Last week a flurry of south-westerly winds gusted up the east Australian coast and made me reach for the nearest cardigan*. Then suddenly, they left. Strong wind warnings were cancelled. Spring warmth spilled onto lawns, heartened jacaranda blooms and brightened cheeks, pale from winter. Springtime riding became very pleasant.
Sunday is a popular day for cycling. Sunday cycles take some people long distances at a fast pace from pre-dawn starts in sweat-filled lycra. Some Sunday cycles take people to coffee or to brunch with friends. There are Sunday cycles that carry people to organised events for ease of parking. Some Sunday cycles bring families outdoors to the beach or to enjoy the view along the esplanade footpaths and cycle ways.
Today, our Sunday cycle took us into the sunshine, heading south to see if we could spot any Humpback whales.
I packed a thermos of green tea, a mandarin, an apple, towel, swimmers and camera. It’s about eleven kilometres to the lookout at Point Danger and, even riding a casual pace, I expected to be home in a short while.
That was before I saw what was happening by the beach today.
As we rode towards the Currumbin Alley, which is where the Currumbin Creek meets the sea, I saw a line of small swells rolling in on a high tide, dotted with surfers bobbing on their boards waiting for their turn in the line-up. Car parks were full. I was glad to be riding my bike. The surf looked good but perhaps it would be better later when the tide drops. We rode on.
Around the corner on the Currumbin beachfront, the ocean was calm, clear and topped with a blue sky. Then we saw them. Dozens and dozens of little people. Some gathered in groups, some scattered. A palette of running, sitting, laying on the sand, holding hands, listening, yelling, squealing and jumping, splashed with fluorescent pinks and greens and gaggles of adults, observing, some guiding, some calling out loudly.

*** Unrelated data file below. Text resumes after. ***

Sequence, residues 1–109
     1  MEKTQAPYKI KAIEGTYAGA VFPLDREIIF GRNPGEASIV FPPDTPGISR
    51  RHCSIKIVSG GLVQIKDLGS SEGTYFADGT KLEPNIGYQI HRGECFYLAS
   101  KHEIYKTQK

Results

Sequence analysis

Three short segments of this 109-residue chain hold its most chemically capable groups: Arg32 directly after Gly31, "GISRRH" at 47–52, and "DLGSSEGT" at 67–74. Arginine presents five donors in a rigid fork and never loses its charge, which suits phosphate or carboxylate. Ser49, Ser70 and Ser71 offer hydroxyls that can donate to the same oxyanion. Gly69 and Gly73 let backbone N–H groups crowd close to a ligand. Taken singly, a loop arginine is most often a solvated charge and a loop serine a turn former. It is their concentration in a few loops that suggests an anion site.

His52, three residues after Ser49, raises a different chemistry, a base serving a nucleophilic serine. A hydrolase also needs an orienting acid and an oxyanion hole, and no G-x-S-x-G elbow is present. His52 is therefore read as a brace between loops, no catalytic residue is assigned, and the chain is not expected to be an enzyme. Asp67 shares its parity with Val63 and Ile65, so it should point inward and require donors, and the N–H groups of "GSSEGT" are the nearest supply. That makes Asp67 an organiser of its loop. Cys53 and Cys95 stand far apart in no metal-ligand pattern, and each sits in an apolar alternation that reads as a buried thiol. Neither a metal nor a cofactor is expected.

It was the start of the season for Nippers – the junior lifesavers of Australia’s Surf Life Saving movement. Children aged between five and thirteen can join Nippers and be involved each Sunday morning during the summer to participate, play and have fun on the beach and in the water. They learn valuable skills for life at the beach. Last Summer about 4500 children enrolled as Nippers on the Gold Coast.
The beach was a bundle of young energy playing. It was fun to watch their flashes of determination, effort, confusion, and cheekiness; sometimes flagging interest but mostly plenty of smiles. We rode on.
Further south at Kirra beach, a similar scene was playing out for the Kirra Beach Surf Lifesaving Club. But added to the kerfuffle of dozens of young children, was a sky daubed with kites!
It was the second day of the Gold Coast International Kite Festival. Kite flyers from Australia, New Zealand, Canada, Asia and Germany were flying kites over two days at Kirra, Surfers Paradise and Broadbeach. Some clouds had formed in the north making for a dramatic backdrop to the bold colours and scale of the kites. One kite was an enormous purple octopus that was thirty metres long!
We rode on, through the milling crowds on the footpaths of Kirra and Coolangatta, and to the foot of the hill that would take us up to the Point Danger Lookout. The Boundary Street climb is long and steady, rising about 17 metres. It’s never as difficult as it first looks but by the time I arrived at the top, I was breathing deeply and relieved to see the wonderfully expansive view of the Coral Sea.
Bikes resting, eyes focusing, camera poised,
I stood at the safety fence looking out to sea.
Soon, a plume of spray, whale breath, liquid and misting.
Then, black back, glistening, sleek, graceful, breaks the surface.
One large. One small, mirroring its mum.
Breeding in the warm Coral Sea waters over.
Heading to their summer home in Antarctica.
Seeya next year whales!
*(Known as a sweater in North America.)